A modest and at times quite sweet comedy about a middle-aged man who goes to enormous lengths to help his teenage daughter become a singing star, "Everybody Famous!" is accessible entertainment that will be constrained outside Europe by language and lack of names. It could, however, attract niche audiences in English-speaking territories, and is good material for quality TV programming. Pic is Belgium's entry for the foreign language Oscar competition.
A modest and at times quite sweet comedy about a middle-aged man who goes to enormous lengths to help his teenage daughter become a singing star, “Everybody Famous!” is accessible entertainment that will be constrained outside Europe by language and lack of names. It could, however, attract niche audiences in English-speaking territories, and is good material for quality TV programming. Pic is Belgium’s entry for the foreign language Oscar competition.
Belgian director Dominique Deruddere gained some notoriety in 1987 with his confrontational first feature, “Crazy Love,” based on the Charles Bukowski tome. Subsequently, he attempted but failed to crack the international market with the Faye Dunaway starrer “Wait Until Spring, Bandini” (1989), and his “Suite 16” (1994) and “Hombres Complicados” (1997) weren’t seen much outside the fest circuit. “Crazy Love” and “Hombres” both starred Josse De Pauw, who toplines again for the director as the father who becomes an impromptu kidnapper in an attempt to kickstart his daughter’s career.
Marva (Eva van der Gucht) is 17 and decidedly overweight; she has a sweet singing voice, but the fact that she lacks the oomph to become a singing star is obvious to everyone but her devoted parents, Jean (De Pauw) and Chantal (Gert Portael). Jean works at a bottle factory and hangs out with his younger buddy, Willy (Werner De Smedt), who works to pay his wife’s student fees. Willy is the only one impressed with Jean’s enthusiastic attempts at songwriting.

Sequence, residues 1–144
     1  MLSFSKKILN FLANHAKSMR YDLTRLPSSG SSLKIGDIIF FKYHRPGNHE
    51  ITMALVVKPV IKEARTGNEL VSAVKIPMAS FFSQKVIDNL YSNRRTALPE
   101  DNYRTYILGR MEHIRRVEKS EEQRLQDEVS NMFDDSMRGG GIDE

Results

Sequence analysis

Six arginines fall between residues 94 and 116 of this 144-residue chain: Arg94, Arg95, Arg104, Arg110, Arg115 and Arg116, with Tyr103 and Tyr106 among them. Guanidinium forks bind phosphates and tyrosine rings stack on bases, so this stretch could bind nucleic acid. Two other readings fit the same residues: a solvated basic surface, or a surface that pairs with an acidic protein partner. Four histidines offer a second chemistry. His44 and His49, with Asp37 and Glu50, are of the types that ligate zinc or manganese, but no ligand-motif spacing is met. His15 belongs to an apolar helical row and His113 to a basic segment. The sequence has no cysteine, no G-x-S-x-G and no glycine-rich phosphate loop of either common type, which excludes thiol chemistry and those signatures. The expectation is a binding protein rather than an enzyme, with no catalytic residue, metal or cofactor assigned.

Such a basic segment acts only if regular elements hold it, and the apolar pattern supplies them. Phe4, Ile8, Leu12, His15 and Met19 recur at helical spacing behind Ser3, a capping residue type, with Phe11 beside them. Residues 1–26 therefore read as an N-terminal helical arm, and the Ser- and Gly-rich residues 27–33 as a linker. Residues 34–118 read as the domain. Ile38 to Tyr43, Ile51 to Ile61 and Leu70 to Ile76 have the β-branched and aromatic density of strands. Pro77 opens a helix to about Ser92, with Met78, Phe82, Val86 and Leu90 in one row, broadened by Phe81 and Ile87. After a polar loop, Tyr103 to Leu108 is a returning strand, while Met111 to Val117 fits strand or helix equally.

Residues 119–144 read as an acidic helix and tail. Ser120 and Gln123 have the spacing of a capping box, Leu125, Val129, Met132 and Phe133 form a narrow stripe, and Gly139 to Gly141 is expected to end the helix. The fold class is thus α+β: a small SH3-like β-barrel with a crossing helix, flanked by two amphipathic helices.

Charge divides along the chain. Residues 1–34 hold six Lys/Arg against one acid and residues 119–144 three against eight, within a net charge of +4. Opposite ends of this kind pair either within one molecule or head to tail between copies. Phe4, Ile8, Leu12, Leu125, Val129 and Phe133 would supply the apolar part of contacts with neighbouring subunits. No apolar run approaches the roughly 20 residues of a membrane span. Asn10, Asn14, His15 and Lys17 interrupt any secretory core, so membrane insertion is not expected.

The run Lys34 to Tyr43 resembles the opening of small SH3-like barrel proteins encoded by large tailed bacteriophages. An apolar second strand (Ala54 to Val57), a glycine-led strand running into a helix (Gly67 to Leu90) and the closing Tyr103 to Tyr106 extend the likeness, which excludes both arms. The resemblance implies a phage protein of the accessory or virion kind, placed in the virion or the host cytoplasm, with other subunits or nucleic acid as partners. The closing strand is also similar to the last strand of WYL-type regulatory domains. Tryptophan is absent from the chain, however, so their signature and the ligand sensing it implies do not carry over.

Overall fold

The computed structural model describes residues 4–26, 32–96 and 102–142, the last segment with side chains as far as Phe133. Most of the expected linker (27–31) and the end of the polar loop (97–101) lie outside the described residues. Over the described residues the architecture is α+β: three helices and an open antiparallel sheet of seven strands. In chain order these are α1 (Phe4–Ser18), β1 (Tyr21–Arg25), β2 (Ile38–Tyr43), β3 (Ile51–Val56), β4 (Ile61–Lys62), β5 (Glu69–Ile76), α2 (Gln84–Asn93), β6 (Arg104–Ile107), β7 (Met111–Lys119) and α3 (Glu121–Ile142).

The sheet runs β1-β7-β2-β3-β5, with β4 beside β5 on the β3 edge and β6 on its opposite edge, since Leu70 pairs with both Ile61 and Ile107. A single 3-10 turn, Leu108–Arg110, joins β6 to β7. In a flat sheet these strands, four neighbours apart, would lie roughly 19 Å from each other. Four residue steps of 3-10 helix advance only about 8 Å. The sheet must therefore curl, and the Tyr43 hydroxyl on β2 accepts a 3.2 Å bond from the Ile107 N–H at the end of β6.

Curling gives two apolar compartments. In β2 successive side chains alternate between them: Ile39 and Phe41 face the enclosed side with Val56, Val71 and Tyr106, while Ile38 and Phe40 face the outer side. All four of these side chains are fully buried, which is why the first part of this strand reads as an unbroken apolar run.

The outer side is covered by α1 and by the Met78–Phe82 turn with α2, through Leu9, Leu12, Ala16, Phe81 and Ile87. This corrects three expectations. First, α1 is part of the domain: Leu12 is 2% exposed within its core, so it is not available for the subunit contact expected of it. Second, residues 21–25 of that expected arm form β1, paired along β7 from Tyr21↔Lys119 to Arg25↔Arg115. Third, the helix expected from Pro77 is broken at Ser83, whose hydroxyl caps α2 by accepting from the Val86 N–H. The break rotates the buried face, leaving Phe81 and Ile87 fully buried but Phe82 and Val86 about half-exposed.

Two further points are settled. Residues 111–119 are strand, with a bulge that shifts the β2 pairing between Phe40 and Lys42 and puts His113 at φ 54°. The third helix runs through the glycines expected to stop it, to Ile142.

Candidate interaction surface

When the factory closes down, the men are thrown into despair. But opportunity knocks when Jean, whose car has broken down on a back road, is offered assistance by an attractive femme cyclist and recognizes her as Debbie (Thekla Reuten), a local pop singer with several hits. Without thinking anything through, he offers her a drink laced with sleeping pills and hides her in a holiday cabin, contacting her manager, Michael (Viktor Low), with an unusual ransom demand — that he give Marva a shot on TV.
It doesn’t take much for Michael to work out what’s going on, but, being an opportunist, he plays along to get more publicity for Debbie.
There are no real surprises in Deruddere’s screenplay, which is very much in the post — “Full Monty” realm of unemployed blue-collar workers who seek a shot of fame and glamour to brighten their drab lives. The mood is light and the actors give engaging performances. De Pauw is a treat as the tenacious dad who has atrocious taste in clothing and who dons a Michael Jackson mask to negotiate with the manipulative Michael, while van der Gucht is likable as the chubby, sweet-voiced Marva. As the kidnapped singing star, Reuten makes a solid impression.
Pic contains a few fairly predictable swipes at the banality of television along the way. The awkward English title should be altered if the slickly packaged film has a hope for further exposure.